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Masked gunmen stormed a teeming upmarket mall in Nairobi Saturday, spraying gunfire and killing around 20 people before holing themselves up in the complex with hostages.
Police were going shop-to-shop to evacuate terrified people from the Westgate shopping mall, which is popular with wealthy Kenyans and expatriates and generally packed on weekends.
Witnesses said the gunmen spoke Arabic or Somali and executed shoppers, in what appeared to be the worst attack in Nairobi since an Al-Qaeda bombing at the US embassy killed more than 200 in 1998.
The Red Cross said that some 20 people had been killed and another 50 wounded in the attack.
As security forces were trying to secure a multi-screen cinema complex on the mall's top floor, a police source said it had been confirmed that the attackers were holding at least seven hostages.
Kenyan troops could be seen moving around and inside the shopping centre while a security forces special forces had joined the operation to secure the mall and evacuate those still trapped inside.
An AFP reporter said she saw at least 20 people rescued from a toy shop. Dozens of wounded, some of them bleeding children, were stretchered away from the mall.
A shop manager who managed to escape said at one point "it seemed that the shooters had taken control of all the mall".
"They spoke something that seemed like Arabic or Somali," said a man who escaped the mall and gave his name only as Jay. "I saw people being executed after being asked to say something."
Shocked people -- black, white and Indian -- could be seen running away from the Westgate centre clutching children while others crawled along walls to avoid stray bullets.
'I saw people being executed'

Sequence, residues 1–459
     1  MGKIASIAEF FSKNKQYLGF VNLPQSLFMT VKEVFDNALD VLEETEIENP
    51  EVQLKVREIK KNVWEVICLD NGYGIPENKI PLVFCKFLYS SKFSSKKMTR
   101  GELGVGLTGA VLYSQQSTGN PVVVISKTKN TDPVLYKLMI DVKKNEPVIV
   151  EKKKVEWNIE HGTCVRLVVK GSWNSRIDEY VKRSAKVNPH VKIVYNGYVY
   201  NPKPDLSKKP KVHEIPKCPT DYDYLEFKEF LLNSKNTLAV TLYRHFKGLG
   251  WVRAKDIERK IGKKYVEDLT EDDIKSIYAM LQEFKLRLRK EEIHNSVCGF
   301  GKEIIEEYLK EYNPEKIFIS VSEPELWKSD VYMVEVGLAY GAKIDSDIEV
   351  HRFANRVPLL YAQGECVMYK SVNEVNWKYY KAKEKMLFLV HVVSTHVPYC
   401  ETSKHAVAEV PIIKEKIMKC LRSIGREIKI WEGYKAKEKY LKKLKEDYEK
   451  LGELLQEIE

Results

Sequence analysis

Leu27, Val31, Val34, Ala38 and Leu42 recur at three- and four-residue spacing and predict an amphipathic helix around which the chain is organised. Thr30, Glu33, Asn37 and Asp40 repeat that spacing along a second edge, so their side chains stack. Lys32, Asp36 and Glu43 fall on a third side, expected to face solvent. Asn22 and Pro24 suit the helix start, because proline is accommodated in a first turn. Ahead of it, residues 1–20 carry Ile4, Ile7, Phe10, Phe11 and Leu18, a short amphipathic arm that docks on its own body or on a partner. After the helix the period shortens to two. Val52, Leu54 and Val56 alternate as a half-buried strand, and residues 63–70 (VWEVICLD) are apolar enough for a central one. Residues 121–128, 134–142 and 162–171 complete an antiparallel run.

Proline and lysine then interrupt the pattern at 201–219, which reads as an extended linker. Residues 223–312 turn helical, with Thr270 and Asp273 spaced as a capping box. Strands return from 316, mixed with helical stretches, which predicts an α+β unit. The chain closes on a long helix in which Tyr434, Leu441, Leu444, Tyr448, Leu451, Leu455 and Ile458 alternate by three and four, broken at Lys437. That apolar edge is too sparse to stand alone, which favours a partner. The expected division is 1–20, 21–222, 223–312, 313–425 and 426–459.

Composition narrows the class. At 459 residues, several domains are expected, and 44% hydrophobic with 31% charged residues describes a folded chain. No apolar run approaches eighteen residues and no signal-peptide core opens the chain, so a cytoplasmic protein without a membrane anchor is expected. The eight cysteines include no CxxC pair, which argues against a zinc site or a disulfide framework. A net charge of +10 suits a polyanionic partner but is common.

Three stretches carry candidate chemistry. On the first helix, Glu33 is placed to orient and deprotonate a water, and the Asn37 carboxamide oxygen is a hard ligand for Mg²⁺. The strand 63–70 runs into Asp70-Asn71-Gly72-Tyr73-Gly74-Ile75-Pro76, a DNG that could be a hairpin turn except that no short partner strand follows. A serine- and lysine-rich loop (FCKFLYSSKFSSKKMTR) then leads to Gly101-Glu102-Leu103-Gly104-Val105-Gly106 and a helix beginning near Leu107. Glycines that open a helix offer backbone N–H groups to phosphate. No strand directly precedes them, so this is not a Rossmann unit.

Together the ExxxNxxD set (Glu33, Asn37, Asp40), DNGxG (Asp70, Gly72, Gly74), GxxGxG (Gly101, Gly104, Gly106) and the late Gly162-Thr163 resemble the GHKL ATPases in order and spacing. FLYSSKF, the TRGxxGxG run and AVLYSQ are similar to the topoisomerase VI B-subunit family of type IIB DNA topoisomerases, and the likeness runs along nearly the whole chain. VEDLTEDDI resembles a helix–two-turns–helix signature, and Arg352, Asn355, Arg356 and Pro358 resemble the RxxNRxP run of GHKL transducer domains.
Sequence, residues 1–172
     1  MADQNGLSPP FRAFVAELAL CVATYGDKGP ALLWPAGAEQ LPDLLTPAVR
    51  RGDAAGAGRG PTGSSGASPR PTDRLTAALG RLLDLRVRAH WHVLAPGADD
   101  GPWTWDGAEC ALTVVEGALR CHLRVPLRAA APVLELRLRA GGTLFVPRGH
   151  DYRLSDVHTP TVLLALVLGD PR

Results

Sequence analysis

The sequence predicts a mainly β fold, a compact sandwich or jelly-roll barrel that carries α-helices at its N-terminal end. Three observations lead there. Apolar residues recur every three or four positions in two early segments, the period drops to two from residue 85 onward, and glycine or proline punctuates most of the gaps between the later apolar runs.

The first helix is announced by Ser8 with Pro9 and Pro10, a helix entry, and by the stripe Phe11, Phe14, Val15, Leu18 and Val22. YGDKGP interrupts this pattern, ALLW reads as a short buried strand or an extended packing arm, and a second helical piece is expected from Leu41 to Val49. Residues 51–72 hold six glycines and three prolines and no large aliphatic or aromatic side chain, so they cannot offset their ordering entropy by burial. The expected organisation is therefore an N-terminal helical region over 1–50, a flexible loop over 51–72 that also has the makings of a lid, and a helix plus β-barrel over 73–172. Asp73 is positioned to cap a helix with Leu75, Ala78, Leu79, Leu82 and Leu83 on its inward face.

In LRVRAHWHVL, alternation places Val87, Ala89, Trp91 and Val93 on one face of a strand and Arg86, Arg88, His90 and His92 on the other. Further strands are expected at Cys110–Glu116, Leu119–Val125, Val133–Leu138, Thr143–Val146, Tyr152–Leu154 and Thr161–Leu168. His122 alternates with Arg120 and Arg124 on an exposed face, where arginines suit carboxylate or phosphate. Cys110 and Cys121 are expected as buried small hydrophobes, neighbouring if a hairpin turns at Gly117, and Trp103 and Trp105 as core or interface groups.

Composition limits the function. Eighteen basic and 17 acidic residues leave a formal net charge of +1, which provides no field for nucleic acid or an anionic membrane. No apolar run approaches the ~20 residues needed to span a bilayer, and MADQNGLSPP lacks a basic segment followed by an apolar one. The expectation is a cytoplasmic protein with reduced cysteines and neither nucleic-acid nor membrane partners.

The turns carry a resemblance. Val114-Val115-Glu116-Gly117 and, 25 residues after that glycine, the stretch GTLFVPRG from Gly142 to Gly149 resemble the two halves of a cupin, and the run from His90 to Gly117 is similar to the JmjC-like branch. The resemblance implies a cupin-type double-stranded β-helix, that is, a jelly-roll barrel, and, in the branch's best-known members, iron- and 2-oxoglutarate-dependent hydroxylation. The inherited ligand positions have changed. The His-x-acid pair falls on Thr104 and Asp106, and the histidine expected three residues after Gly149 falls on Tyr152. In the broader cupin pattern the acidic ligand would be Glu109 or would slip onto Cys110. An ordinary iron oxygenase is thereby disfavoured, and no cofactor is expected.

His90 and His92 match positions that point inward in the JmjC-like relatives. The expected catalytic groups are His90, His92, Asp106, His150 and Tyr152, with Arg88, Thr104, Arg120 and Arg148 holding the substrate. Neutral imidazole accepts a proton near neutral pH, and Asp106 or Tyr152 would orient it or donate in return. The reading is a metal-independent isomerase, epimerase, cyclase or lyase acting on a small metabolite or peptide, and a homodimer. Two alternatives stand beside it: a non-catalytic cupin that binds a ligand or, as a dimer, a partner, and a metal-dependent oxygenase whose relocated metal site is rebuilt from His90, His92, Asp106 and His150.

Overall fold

The mall -- which has several Israeli-owned businesses, is a hub for Nairobi-based Westerners and one of the foremost symbols of Kenya's affluent classes -- has long been considered a potential terror target.
Kenneth Kerich, who was shopping when the attack happened, described scenes of panic.
"I suddenly heard gunshots and saw everyone running around so we lied down. I saw two people who were lying down and bleeding, I think they were hit by bullets," he said.
"Initially we thought it is police fighting thugs. But we could not leave until when officers walked in, shot in the air and told us to get out."
An eyewitness who survived the assault by gunmen said he saw the body of a child being wheeled out of the mall.
"The gunmen tried to fire at my head but missed. At least 50 people were shot. There are definitely many casualties," mall employee Sudjar Singh told AFP.
"I saw a young boy carried out on a shopping cart, it looked like he was about 5 or 6. It looked like he was gone, he was not moving or making any noise."
Vehicles riddled with bullet holes were left abandoned in front of the mall as the Red Cross appealed for blood donations and police instructed residents of the Westlands neighbourhood to stay away.
"Our officers are on the ground carrying out an evacuation of those inside as they search for the attackers who are said to be inside," Inspector General of Police David Kimaiyo said.
"We have managed to evacuate some people to safety. We urge Kenyans to avoid the area as we pursue the thugs," Kenya's interior ministry said on Twitter.
The Westgate mall, which opened in 2007, has restaurants, cafes, banks, a large supermarket and a cinema that attract thousands of people every day and have made it a Nairobi landmark.
It is popular with the large expatriate community living in the residential neighbourhoods around it, including with foreign staff from the United Nations, which has its third largest global centre nearby.
Security agencies have regularly included the Westgate shopping centre on lists of sites they feared could be targeted by Al Qaeda-linked groups.
The Somali insurgents from the Shebab group have repeatedly threatened to strike at the heart of Kenya in retaliation for Nairobi's military involvement alongside the government they are trying to overthrow.